Diabetes and Lipid Clinic of Alaska



About insulin pumps

An insulin pump is a computerized device that delivers insulin to patients automatically 24 hours a day. Growing numbers of people with diabetes use insulin pumps, especially patients with type 1 diabetes. They also benefit some people with type 2 diabetes who need insulin.

Pumps have been used with schoolchildren, teen-agers and adults. They have also been used with diabetic infants and toddlers, with pumps that parents can operate by remote control.

Insulin pumps offer lifestyle flexibility because they pump insulin slowly and continuously in an imitation of the human pancreas. However, unlike the pancreas they do not make automatic adjustments based on the body’s needs. As with other forms of insulin administration, patients must be vigilant in monitoring their glucose (blood sugar) levels and, when necessary, adjusting their insulin dosage according to their physician-approved treatment plan.

Insulin pumps are about the same size as a cell phone or a pager and generally weigh about 3 ounces (85 grams), though some models weigh little more than 1 ounce. The pump and its delivery system are composed of the following parts:

  • Pump reservoir or insulin cartridge similar to that used in insulin pens.
  • Battery-operated pump. The type of battery used varies according to the model. Some batteries last only a few weeks, others two or three months.
  • Computer chip that controls how much insulin is delivered to the patient. The number of insulin rates and insulin profiles offered depends on the model. The basal range and the smallest bolus amount also vary according to model.
  • Thin plastic tube. The tube from the pump has a needle-like plastic or metal tip (cannula) that is inserted under the skin, or the tube is connected to another small, soft tube (catheter) that has been inserted into the skin. A cannula is changed every few days. The junction between the tube and the cannula is called an infusion set, but often that term is used to describe the cannula or catheter. At least one model of insulin pump has an integrated cannula and does not require tubing.

The various models also offer extra features. These may include a glucose meter, food database, bolus calculator or data storage. Some infusion sets include automatic insertion devices, and some do not need insertion devices.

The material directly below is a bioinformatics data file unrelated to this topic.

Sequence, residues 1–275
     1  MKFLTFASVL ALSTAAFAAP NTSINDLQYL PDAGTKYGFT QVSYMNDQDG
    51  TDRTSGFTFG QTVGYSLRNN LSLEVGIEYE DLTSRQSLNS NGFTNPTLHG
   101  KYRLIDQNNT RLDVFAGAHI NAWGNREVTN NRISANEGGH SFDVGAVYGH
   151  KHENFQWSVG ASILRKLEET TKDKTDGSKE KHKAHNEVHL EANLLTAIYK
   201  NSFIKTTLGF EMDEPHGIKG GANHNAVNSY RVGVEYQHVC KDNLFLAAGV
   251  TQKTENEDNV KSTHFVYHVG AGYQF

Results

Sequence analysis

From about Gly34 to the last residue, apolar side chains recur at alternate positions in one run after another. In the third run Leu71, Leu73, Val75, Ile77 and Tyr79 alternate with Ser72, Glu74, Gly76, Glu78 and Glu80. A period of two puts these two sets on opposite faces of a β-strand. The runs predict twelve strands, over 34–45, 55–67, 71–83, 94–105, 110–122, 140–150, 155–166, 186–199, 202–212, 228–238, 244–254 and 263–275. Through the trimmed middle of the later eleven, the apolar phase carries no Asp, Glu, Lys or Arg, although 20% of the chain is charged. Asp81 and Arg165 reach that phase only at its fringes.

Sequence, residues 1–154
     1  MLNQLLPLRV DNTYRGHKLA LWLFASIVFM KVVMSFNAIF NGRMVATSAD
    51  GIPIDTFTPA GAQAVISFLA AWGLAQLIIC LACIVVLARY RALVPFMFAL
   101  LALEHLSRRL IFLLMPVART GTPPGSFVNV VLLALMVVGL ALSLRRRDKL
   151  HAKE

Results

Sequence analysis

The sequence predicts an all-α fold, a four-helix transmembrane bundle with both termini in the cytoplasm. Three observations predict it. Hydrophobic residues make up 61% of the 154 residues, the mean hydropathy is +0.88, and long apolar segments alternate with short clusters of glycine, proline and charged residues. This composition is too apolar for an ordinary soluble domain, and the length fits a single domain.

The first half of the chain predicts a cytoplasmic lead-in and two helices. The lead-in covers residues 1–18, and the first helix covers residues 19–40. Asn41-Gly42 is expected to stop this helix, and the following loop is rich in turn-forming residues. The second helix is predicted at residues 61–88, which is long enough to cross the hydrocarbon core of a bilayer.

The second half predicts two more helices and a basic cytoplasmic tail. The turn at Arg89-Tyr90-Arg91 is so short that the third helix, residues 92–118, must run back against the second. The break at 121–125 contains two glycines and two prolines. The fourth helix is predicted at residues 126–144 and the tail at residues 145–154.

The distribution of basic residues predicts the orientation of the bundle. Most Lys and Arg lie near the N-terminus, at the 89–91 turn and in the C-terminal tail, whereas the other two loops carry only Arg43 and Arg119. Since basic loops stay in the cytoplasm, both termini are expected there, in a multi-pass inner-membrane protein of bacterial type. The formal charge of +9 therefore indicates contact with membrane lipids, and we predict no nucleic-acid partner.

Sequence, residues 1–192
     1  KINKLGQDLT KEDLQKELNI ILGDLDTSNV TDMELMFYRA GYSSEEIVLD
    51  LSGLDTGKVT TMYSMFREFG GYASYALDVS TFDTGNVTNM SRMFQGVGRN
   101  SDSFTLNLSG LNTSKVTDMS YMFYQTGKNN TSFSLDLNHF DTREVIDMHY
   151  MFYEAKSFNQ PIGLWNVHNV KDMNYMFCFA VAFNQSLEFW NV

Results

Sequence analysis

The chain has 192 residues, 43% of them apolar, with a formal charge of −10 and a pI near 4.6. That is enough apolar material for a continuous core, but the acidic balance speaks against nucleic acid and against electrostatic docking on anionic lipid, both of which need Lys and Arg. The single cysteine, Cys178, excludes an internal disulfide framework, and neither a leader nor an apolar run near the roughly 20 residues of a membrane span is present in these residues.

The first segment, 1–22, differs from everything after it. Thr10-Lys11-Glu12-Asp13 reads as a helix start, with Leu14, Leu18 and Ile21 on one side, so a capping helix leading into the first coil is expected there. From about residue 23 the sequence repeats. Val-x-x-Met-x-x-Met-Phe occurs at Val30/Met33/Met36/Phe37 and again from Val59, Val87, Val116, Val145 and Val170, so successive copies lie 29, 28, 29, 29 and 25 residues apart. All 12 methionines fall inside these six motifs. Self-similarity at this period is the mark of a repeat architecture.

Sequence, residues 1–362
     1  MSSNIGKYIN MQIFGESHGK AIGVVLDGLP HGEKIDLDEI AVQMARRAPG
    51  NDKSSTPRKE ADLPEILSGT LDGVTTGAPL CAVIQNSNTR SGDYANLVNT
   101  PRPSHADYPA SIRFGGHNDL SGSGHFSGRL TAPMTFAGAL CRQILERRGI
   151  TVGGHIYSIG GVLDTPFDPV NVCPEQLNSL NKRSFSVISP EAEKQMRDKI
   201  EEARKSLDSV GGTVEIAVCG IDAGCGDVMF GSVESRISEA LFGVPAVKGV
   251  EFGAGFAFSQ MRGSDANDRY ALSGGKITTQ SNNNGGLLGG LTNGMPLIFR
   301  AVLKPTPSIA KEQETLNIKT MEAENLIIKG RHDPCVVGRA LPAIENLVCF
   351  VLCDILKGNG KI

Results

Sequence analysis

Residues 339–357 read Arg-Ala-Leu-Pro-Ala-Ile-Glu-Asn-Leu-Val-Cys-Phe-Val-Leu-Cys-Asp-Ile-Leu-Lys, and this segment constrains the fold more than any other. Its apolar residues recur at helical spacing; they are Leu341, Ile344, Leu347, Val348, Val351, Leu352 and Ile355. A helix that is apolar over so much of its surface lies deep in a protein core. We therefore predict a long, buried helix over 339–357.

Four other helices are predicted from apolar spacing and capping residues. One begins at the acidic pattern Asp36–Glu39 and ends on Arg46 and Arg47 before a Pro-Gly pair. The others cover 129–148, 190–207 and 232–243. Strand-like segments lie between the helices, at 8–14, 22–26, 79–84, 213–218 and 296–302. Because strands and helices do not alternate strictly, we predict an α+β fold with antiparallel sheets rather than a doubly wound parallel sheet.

The insertion site is the same used when insulin is injected, usually the fatty tissue of the abdomen but possibly the thigh or arm. Insertion of the needle causes no more discomfort than injection by syringe. Use of pumps may require needle insertion only every few days rather than several times a day.

The infusion set is taped into place on the patient’s body. When this is done properly, the patient does not feel it throughout the day or night. The tube and pump can be temporarily removed from the infusion set for activities such as contact sports.

Insulin pumps can be kept in a pocket or attached to a belt, shirt, underwear or other garments. The pump reservoir or cartridge holds two- to-three days’ worth of short-acting insulin. The small battery-powered pump pushes a plunger to force the gradual delivery of medication out of the pump, through plastic tubing and into the cannula. Insulin empties out of the cannula and is absorbed into the body. This method of delivering insulin is known as continuous subcutaneous insulin infusion.
Insulin pumps deliver the medication in three ways:

  • Basal rate. This is a continuous trickle of insulin that keeps blood glucose levels stable overnight and between meals. Many pumps allow patients to set different basal rates throughout the day. Thus, a patient can program basal rates appropriate to levels of activity such as sleep or exercise. 
  • Bolus rate. This is a surge of insulin that occurs shortly before a person eats and prepares the body to break down the glucose in the food about to be ingested. Patients who use insulin pumps push a button to provide bursts of insulin just before a meal or snack.
  • Corrective or supplemental doses

Insulin pumps are worn 24 hours a day, including overnight while the patient sleeps. This does not cause discomfort. Occasionally, patients may remove the pumps for an hour or two to engage in certain activities. These include athletics, showering and intimacy. At least one brand of insulin pump is described by the manufacturer as waterproof. However, most are merely water-resistant, and they should be removed for bathing and swimming, according to the American Diabetes Association (ADA).

Infusion sets need to be replaced every one to three days. For information on disposal of medical waste, see Syringes. Individuals are advised to rotate the insertion site according to their physician’s recommendation.

Patients who use insulin pumps must make a serious commitment to the treatment. Training may take a day or longer. Patients are required to perform glucose monitoring on the schedule recommended by their physician (generally every three or four hours, according to the ADA), and to keep a close watch on carbohydrate consumption. When pumps quit delivering insulin for whatever reason, dangerously elevated glucose levels can quickly result. This requires immediate attention.